Nation's Largest Investors Weigh in on Economic Stimulus Bill

A group of the nation’s largest investors called on Congressional leaders yesterday to support energy efficiency and clean energy in the upcoming Economic Stimulus Bill, being debated this week in Congress. The group, comprising 44 investors managing over $1.7 trillion in assets, called for longer-term green economic incentives in a letter delivered to House and Senate leaders.

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Money doesn't really grow on trees, though the INCR is banking on energy efficiency helping the economy long-term.

In a dual effort to tackle the creation of green jobs and curb global warming pollution, the letter calls for green economic incentives, including:

  • Extending the renewable energy Production Tax Credit five years or more.
  • Modernizing and improving the nation’s electric power grid.
  • Providing substantial funding for energy efficiency programs, such as retrofitting buildings.

“An energy economic stimulus package would not only be good for the environment, saving energy and reducing greenhouse gas emissions, but also good for the economy, leading to the creation of jobs,” said New York City Comptroller William C. Thompson, Jr., whose office oversees more than $100 billion in pension fund assets.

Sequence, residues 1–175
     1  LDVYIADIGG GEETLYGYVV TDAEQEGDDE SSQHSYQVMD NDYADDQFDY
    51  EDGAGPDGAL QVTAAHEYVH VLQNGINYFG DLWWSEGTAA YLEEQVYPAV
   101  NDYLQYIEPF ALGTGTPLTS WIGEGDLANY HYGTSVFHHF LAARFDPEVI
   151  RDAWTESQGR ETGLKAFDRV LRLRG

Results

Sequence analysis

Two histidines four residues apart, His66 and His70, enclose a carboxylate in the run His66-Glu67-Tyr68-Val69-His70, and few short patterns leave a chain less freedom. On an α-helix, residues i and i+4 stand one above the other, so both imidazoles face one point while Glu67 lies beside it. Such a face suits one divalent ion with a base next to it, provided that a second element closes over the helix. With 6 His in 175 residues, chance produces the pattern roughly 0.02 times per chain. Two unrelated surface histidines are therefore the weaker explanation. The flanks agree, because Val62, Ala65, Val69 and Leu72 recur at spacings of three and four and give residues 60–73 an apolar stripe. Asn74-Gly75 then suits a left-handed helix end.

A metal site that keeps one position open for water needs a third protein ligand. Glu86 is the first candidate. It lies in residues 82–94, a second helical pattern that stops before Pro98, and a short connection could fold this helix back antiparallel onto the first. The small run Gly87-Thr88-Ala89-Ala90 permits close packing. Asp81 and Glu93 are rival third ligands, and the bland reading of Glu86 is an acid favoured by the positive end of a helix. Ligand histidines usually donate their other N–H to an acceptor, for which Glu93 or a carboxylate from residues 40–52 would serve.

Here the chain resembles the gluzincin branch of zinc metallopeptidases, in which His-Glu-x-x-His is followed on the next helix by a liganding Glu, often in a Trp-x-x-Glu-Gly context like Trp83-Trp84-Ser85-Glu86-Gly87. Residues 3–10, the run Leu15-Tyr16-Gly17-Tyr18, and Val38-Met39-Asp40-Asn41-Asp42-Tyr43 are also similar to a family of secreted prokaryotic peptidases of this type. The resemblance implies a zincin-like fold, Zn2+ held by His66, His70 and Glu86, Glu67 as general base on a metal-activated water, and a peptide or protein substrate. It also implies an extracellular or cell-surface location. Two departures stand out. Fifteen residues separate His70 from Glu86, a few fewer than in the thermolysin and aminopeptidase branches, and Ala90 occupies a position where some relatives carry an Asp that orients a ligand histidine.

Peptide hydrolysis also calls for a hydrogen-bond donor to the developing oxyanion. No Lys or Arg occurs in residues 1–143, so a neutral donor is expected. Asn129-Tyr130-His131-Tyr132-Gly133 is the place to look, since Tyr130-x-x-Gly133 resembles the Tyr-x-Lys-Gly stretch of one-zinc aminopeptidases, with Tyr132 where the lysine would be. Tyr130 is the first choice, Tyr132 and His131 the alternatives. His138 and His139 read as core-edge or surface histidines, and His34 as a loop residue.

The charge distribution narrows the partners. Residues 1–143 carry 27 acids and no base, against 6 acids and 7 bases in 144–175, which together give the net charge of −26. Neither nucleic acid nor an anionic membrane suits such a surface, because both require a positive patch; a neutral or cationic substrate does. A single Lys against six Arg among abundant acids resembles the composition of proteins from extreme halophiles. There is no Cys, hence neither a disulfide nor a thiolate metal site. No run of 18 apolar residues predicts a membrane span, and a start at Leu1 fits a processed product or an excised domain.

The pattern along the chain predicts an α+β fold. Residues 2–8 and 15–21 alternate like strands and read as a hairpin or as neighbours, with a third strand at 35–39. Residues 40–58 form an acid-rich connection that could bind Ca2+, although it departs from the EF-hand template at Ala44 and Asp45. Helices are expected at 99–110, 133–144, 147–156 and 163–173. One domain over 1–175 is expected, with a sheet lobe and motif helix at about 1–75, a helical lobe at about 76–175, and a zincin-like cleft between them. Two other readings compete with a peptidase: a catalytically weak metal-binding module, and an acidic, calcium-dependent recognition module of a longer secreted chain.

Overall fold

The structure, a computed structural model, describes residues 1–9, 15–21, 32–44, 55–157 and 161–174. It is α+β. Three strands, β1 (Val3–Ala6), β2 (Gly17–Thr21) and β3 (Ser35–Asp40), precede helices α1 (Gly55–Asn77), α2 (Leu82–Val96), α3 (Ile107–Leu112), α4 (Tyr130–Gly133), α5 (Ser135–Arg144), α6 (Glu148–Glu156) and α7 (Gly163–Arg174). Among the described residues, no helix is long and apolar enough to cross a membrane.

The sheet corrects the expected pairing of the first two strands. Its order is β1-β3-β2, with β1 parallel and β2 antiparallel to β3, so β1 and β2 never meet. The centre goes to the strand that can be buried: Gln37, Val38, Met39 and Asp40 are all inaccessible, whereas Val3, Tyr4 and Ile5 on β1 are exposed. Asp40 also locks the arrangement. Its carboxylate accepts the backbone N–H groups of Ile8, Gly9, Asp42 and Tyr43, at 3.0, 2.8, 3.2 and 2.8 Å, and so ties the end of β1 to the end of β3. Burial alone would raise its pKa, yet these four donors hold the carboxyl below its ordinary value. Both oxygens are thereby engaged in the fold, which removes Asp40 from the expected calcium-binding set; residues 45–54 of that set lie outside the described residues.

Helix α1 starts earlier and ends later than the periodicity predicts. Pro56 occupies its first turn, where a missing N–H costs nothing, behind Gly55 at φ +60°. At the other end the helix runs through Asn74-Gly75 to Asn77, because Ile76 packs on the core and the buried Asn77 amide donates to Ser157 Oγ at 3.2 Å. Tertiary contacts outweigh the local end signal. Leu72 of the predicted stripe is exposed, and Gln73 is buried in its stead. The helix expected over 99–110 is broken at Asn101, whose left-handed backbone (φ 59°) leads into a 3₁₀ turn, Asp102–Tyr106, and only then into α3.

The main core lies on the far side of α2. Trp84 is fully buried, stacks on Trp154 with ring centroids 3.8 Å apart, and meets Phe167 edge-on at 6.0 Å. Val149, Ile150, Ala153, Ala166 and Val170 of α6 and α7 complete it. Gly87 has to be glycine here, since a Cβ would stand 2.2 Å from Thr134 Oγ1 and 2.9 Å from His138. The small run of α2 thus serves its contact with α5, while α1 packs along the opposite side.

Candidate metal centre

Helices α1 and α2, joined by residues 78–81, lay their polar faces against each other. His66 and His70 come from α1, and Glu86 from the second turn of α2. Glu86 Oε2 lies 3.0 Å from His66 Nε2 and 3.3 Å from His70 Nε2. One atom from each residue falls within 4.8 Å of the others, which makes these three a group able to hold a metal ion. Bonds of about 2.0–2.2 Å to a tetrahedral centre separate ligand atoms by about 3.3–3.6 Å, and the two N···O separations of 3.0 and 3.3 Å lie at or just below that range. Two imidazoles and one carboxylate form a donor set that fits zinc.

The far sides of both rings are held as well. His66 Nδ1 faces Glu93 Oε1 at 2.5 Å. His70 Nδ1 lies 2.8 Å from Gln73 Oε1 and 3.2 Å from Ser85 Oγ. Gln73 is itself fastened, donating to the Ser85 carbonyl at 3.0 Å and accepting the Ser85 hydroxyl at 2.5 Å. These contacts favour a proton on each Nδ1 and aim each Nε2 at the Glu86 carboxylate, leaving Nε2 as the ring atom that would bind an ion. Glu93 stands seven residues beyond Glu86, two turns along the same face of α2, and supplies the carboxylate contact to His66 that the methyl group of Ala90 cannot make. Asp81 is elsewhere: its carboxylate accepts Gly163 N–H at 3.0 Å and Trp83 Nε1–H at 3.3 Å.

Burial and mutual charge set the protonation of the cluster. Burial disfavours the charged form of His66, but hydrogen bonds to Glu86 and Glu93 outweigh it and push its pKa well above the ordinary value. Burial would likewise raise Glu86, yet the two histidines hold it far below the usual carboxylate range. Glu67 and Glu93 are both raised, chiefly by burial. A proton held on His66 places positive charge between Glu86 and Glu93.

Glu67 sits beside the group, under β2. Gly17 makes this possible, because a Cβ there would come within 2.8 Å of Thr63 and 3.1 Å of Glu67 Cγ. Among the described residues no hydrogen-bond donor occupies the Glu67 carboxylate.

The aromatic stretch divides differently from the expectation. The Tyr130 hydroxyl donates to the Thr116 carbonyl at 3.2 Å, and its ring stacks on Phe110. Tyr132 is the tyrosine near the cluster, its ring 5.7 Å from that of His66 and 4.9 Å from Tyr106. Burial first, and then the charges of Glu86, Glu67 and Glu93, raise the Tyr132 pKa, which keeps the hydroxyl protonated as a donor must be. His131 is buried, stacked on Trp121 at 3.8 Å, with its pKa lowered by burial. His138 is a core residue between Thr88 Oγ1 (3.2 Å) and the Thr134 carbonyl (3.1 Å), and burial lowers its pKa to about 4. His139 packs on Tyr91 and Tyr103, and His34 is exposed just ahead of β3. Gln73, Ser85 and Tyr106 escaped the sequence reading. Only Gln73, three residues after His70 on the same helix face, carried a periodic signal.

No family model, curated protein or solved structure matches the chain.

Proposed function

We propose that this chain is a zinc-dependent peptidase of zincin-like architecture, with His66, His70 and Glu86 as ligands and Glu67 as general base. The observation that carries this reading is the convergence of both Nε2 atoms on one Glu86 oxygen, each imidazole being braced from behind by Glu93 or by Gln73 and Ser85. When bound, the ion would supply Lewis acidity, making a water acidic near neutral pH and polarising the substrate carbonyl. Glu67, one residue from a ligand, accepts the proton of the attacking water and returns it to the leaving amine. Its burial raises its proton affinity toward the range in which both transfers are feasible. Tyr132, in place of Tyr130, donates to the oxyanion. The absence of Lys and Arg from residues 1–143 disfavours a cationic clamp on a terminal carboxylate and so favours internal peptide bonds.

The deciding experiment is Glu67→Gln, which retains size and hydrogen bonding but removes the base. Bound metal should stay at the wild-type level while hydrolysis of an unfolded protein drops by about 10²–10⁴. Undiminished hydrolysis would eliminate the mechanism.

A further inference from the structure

The letter was coordinated by Ceres and the Investor Network on Climate Risk (INCR), a network of investors that promotes better understanding of the financial risks and opportunities posed by climate change and was signed by large investors including:

  • Florida State Treasury
  • New York State Comptroller’s Office
  • Deutsche Asset Management
  • California Public Employees’ Retirement System

“The economic downturn provides a historic opportunity for government to take charge of the fight against climate change rather than being a reason to put off action,” said Kevin Parker, global head of Deutsche Asset Management. “A ‘green’ stimulus will also have a wider effect by providing leadership for additional investment from the private sector.”

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  1. Idea
    For years I’ve objected to the ways the Illinois EPA has treated Petroleum contaminated soil. Their means of collecting from various sites and dumping into landfills, to me only creates a problem that our kids and their kids will have to deal with. I’ve been involved with a few projects in Wisconsin were they have used sparge systems and have witnessed some success. I have been thinking if there was a way to extract the petroleum from the soil and then recycle it that this would even be better. I wonder if there are any programs like this that are being experimented with.

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